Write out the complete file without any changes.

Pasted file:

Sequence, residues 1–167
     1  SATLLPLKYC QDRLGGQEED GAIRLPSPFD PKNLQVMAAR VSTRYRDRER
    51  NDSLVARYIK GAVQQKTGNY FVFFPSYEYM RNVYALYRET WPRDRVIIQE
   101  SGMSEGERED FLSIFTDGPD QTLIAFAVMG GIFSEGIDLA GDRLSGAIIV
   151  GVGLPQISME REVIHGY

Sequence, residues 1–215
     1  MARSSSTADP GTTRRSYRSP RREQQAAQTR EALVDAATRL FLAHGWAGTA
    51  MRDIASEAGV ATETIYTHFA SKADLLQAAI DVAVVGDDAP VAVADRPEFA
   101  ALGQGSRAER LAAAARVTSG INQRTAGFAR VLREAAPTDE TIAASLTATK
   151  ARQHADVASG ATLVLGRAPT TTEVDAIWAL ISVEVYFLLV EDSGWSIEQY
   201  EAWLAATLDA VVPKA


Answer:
Sequence, residues 1–167
     1  SATLLPLKYC QDRLGGQEED GAIRLPSPFD PKNLQVMAAR VSTRYRDRER
    51  NDSLVARYIK GAVQQKTGNY FVFFPSYEYM RNVYALYRET WPRDRVIIQE
   101  SGMSEGERED FLSIFTDGPD QTLIAFAVMG GIFSEGIDLA GDRLSGAIIV
   151  GVGLPQISME REVIHGY

Sequence, residues 1–215
     1  MARSSSTADP GTTRRSYRSP RREQQAAQTR EALVDAATRL FLAHGWAGTA
    51  MRDIASEAGV ATETIYTHFA SKADLLQAAI DVAVVGDDAP VAVADRPEFA
   101  ALGQGSRAER LAAAARVTSG INQRTAGFAR VLREAAPTDE TIAASLTATK
   151  ARQHADVASG ATLVLGRAPT TTEVDAIWAL ISVEVYFLLV EDSGWSIEQY
   201  EAWLAATLDA VVPKA